Monday, June 2, 2014

Body Image

This is a post I've been mulling over for awhile, trying to find the right words. I'd love to hear your thoughts in the comments.

Girls, and women, are notoriously concerned about how they look. Aren't we?

Of course, I'm guilty of this. I complain about breakouts and bad hair days and ask my husband to weigh in on my outfits to make sure they flatter my figure. I get self-conscious, I feel embarrassed about blemishes, I worry about how other people will perceive me. A lot of that is just being a normal human (or at least a normal woman) and can't really be helped too much. It's fairly innocuous and I don't think it's damaging to complain to a girlfriend about frizzy summer hair. (Although it's good to be self-aware and not get too vain about it.)

When this behavior becomes dangerous, however, is when we really start putting ourselves down, when we really start criticizing our own bodies. This has always bothered me and worried me. It upsets me to hear my friends complain about how they look if it's not something temporarily "abnormal," like a skin thing. When they complain about their legs or their stomach or their nose--it's sad and I always try to discourage it and tell them they're lovely as they are.

In this way (in endless ways, really) I'm so grateful for my mom. We learn so much about femininity and womanhood by watching our mothers, whether we are consciously doing it or absorbing it subliminally. I've seen a few things online recently that have made me think--"Wait! Stop! You're a grown woman, you're a mother. You can't be criticizing your body like that! If you're doing it, your daughters will." I feel so blessed because my mother was the absolute best example for me. She rarely wore makeup and had a very simple beauty routine, and she always looked (and looks) natural and feminine and pretty. She only just recently starting getting a bit of color in her hair and growing up, I never heard her put herself down and she never seemed to lack confidence about her appearance. She was and is happy in her skin, in her body, with what God blessed her with.

Most girls are predisposed to be critical toward the way they look. We need our mothers to be strong examples of what it means to be confident and accepting of our bodies. When we have children we need to be mothers who are that strong example.

Of course, I'm not suggesting we throw our cares to the wind and stop thinking about appearance altogether. I love feeling put together and I like my mascara and a touch of caramel in my hair every few months. The thing to remember, I think, is that these are only enhancements of our already-existing beauty. You don't "need" highlights because your natural hair color is "mousy"--if I had a nickel for each time I've heard that I would have a lot of nickels! Let's rebel against that. It's perfectly ok to get highlights, but they're just that. Highlights, refreshers, pick-me-ups. They don't make you beautiful.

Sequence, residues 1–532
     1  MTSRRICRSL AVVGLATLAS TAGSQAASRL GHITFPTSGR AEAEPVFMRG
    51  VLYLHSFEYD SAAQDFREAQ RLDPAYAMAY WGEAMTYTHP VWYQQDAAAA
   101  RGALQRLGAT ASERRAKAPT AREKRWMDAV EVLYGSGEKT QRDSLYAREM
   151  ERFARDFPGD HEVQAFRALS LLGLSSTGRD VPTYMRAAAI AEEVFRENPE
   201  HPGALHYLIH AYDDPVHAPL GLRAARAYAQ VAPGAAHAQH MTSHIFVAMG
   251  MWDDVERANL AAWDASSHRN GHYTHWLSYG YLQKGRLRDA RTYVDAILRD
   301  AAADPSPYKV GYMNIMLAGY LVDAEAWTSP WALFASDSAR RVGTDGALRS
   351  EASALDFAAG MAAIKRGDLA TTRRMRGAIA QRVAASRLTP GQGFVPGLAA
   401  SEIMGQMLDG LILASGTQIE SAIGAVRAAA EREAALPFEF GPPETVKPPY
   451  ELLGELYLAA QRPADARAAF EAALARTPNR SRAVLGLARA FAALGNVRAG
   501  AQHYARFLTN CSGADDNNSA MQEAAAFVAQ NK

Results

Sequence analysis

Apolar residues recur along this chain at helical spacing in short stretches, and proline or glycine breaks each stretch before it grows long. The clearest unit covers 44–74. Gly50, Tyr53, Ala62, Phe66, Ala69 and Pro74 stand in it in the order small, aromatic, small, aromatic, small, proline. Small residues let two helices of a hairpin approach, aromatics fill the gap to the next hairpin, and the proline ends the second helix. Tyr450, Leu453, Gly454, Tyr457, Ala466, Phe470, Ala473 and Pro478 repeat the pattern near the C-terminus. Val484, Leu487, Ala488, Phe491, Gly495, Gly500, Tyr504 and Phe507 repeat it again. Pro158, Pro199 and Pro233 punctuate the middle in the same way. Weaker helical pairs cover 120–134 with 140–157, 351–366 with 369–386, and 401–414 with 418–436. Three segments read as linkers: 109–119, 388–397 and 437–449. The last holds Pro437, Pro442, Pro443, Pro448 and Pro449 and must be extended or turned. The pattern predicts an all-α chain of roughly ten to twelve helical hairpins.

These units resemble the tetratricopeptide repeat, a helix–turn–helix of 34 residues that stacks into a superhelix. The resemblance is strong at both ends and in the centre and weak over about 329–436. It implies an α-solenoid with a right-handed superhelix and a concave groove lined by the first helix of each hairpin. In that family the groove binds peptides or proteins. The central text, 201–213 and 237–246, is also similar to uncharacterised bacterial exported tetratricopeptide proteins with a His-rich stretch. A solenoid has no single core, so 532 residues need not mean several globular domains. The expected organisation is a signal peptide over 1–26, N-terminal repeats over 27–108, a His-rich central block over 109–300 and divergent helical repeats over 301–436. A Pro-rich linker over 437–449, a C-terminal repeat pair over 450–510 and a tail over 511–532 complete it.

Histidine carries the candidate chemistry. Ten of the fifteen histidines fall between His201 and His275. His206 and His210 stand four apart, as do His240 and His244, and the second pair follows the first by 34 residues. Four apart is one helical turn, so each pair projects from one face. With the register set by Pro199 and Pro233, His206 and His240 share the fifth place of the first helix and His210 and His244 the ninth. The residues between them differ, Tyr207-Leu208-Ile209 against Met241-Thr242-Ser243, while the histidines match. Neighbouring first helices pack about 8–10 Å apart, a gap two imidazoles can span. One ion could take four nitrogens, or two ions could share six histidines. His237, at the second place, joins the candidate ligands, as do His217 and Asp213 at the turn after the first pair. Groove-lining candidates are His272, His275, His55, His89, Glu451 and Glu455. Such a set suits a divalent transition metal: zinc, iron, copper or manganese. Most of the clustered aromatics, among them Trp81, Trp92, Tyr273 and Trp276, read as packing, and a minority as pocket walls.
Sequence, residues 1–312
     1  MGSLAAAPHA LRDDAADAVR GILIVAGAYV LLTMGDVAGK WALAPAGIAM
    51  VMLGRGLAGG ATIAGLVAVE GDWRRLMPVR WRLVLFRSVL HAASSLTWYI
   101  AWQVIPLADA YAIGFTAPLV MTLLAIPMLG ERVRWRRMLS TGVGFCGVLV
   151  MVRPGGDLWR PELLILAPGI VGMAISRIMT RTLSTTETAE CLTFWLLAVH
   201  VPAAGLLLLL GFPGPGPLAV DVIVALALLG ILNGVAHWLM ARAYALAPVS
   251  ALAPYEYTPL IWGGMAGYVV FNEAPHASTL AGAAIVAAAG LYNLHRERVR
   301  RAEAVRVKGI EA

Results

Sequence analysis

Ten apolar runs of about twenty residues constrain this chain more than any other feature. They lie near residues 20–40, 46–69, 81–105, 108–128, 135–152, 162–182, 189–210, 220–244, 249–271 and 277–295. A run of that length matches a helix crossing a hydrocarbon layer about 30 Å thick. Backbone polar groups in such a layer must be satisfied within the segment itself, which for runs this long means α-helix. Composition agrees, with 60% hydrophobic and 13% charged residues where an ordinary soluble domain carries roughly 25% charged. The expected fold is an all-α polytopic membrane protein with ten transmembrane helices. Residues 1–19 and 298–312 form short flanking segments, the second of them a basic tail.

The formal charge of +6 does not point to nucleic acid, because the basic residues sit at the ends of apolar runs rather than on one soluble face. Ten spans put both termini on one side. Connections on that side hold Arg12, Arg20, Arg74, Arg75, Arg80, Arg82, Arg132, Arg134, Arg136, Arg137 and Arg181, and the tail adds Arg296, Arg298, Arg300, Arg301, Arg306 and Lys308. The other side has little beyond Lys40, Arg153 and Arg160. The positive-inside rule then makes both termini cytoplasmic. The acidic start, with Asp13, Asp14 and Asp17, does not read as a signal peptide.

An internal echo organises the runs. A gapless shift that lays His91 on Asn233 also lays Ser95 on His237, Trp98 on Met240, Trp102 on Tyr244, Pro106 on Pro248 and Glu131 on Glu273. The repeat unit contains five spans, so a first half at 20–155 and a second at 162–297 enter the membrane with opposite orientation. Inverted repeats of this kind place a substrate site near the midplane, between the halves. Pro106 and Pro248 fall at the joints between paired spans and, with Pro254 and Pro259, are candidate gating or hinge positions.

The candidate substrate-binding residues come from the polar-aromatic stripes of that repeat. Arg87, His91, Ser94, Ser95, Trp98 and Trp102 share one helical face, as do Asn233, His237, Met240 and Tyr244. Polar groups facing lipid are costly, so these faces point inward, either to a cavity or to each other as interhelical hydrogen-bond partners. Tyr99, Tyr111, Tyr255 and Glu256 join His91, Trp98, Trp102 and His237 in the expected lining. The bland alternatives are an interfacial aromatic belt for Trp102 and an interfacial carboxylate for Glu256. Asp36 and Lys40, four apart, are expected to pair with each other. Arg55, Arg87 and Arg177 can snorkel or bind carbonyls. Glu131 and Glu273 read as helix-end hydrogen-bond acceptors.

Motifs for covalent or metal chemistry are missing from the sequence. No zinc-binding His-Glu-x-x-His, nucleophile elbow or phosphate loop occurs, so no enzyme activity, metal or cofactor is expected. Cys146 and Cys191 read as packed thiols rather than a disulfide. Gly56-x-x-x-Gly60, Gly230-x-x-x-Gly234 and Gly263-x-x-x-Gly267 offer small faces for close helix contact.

(It goes without saying, I think, that staying fit is certainly important, but mostly because it's the healthy way to live and it will make you feel good and strong, not because it will make you look a certain way.)

You have only one body to take you through this life. You got it from your mom and your dad and it's brought you this far, hasn't it? Treat it well and appreciate it. It sustains you and can perform miracles and it's beautiful, believe me.


  1. Beautiful and thoughtful. You are right about learning from our mothers but we also learn a lot about acceptance from our fathers. If our father's are critical (get that hair out of your face or stand up straight, you're slouching!), I think we take that more to heart and it strongly affects how we perceive ourselves.

  2. Darbi, I agree with you! I thought about that after posting. I also think that how our fathers respond to our mothers in terms of appearance is huge. My dad always praises my mom's natural beauty and I definitely think that in turn has shaped me positively.

  3. You are indeed blessed and that is why it is sometimes hard for you to understand your friends and how they view their own bodies. Many of us did not have the role models growing up that you did. Hopefully, some of us will get over ourselves and our misperceptions. I'm glad you have a healthy sense of self.

  4. Mothers, parents in general, certainly have a huge impact on body image. My mother had this idea when I was younger, that fat-shaming me would get me to lose weight. All it really did was deeply scar me (and cause me to eat more to spite her). I outgrew the baby fat but not necessarily the insecurities… until an interesting experience this year. I actually lost weight all of a sudden when I began college (not my fault!), twenty pounds in total. I finally knew what it meant and felt to be skinny. And guess what? It totally bored me and I found skinny wayyy overrated. I wanted muscles and strength, not bones and a hollow self. I realized not only that skinny was so "not me" but also, other people didn't really care what size I was. Actually, my mother reversed her methods and began pestering me to eat more, workout less. Now I was too skinny for her! Basically, I learned you may never please anyone and that I much preferred to be whatever I am naturally. Today, I am happy to be eating with my health in mind and I run everyday, not to be skinny but to feel my lungs and legs stretch as they push new boundaries. Now if only I could get my mother to appreciate her own body.

  5. I agree! I wrote a similar post on about finding inner beauty. Beauty is something I think about a lot these days, and you're right, I always tell my daughters I feel beautiful and love the way I look (even when I don't- it's a good lie- lol) because I know my level of self-confidence will affect them later in life. Your post got me thinking. Thanks!


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